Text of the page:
Jamba Juice Must Defend Claim It Lied on Labels

     (CN) – Consumers who claim that the “All Natural” Jamba Juice home smoothie kits they purchased contained non-natural ingredients were granted class certification, but solely for the purposes of determining liability, a federal judge ruled.
     Lead plaintiffs Aleta Lilly and David Cox seek to represent individuals in California who purchased a Mango-a-go-go, Strawberries Wild, Caribbean Passion, Orange Dream Machine and Razzmatazz smoothie kits.
     The kits are sold in a three-sided pouch with the words “All Natural” appearing prominently on the front of the package. The consumers say that the kits contain ascorbic acid, xanthan gum, steviol glycosides, modified corn starch and gelatin, which are not “all natural.”
     They assert causes of action under California’s Consumer Legal Remedies Act, False Advertising Law, and Unfair Competition Law, as well as a cause of action for breach of warranty.
     U.S. District Court Judge Jon Tigar rejected Jamba Juice’s argument that a class cannot be certified because neither the consumers nor Jamba Juice have produced records demonstrating the specific individual class members who purchased the smoothie kits from the retail outlets to which Jamba Juice distributed them.
     “Few people retain receipts for low-priced goods, since there is little possibility they will need to later verify that they made the purchase. Yet it is precisely in circumstances like these, where the injury to any individual consumer is small, but the cumulative injury to consumers as a group is substantial, that the class action mechanism provides one of its most important social benefits,” Tigar said. “In the absence of a class action, the injury would go unaddressed.”
     Tigar also noted that direct notice to every class member is not always possible. The consumers provided a plan for notice, in which they will give direct notice to those retail customers whose contact information may be on file with the retailer where they purchased the kits, such as those who purchased products from a retailer with store-specific membership cards. They also said that they will do an extensive media campaign to provide notice to other potential class members.
     Jamba Juice also tried to argue that Lilly and Cox are not typical of class members because they have sometimes consumed other products that contain the ingredients they complaint about in the smoothie kits.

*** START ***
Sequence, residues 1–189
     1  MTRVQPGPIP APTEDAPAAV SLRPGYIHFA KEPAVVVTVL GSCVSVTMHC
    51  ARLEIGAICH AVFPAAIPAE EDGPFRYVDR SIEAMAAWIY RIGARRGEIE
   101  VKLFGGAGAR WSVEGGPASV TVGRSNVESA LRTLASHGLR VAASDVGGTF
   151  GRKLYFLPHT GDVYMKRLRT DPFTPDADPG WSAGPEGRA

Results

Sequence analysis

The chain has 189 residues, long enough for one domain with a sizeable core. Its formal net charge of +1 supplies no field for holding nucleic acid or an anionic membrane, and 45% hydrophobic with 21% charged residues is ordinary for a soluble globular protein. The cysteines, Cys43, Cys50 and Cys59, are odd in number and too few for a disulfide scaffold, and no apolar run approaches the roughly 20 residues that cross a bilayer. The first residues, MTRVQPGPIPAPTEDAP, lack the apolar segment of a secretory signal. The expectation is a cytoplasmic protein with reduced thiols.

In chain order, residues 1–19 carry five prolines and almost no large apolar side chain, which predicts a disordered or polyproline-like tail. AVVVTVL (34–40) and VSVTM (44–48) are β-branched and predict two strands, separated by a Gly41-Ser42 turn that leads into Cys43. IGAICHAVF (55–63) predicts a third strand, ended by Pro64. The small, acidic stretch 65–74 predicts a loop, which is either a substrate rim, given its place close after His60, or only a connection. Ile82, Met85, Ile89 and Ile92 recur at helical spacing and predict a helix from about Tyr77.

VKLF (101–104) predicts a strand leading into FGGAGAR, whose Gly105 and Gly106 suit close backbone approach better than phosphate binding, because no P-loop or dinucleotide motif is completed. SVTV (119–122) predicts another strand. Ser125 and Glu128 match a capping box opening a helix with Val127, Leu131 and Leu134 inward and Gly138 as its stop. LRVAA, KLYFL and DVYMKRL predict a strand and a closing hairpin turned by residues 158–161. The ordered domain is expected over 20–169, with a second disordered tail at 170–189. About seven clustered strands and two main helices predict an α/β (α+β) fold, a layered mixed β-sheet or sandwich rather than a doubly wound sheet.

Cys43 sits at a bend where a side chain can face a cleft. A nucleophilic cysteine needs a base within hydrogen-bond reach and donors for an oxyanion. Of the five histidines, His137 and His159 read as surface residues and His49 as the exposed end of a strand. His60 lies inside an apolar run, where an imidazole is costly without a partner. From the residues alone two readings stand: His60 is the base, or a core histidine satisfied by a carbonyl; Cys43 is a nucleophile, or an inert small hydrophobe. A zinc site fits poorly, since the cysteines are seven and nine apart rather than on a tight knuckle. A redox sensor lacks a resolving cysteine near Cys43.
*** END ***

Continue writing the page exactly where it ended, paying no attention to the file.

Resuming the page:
However, “when Lilly and Cox consumed those other products, they did so with full knowledge of what they were eating, because the ingredients were disclosed. That the named plaintiffs sometimes consume products with ingredients they challenge in this action does not harm their case any more than a person who sometimes eats ice cream would be deprived of her legal ability to challenge a product falsely labeled to contain no sugar,” Tigar said.
     The consumers have also demonstrated that there are numerous questions common to the class, including whether Jamba Juice’s “All Natural” representations are misleading, whether the challenged ingredients may legally be included in a product labeled “All Natural,” and whether the representations are likely to deceive consumers.
     The consumers did not produce evidence as to the feasibility of their methods for calculating damages, though. They did not submit expert reports or detailed explanation as to how the three damage models they put forward could be fairly determined or at least estimated.
     “Plaintiffs seek ‘full refund’ as one remedy, but considering the proper value of a restitution remedy may require the court to take into account the benefit consumers receive even from a mislabeled product. Similarly, while plaintiffs also seek disgorgement of defendants’ profits, they may have to demonstrate what portion of those damages stem from the defendants’ purportedly unlawful conduct. Nothing in the record allows the court to determine these issues,” Tigar said.
     Therefore, the class cannot be satisfied for purposes of seeking damages. That does not mean that it cannot be certified at all, though. The certification of the consumers’ action is limited to determining liability on a class-wide basis. Some of the problems in determining individual damages may fall away after liability is determined, Tigar said.

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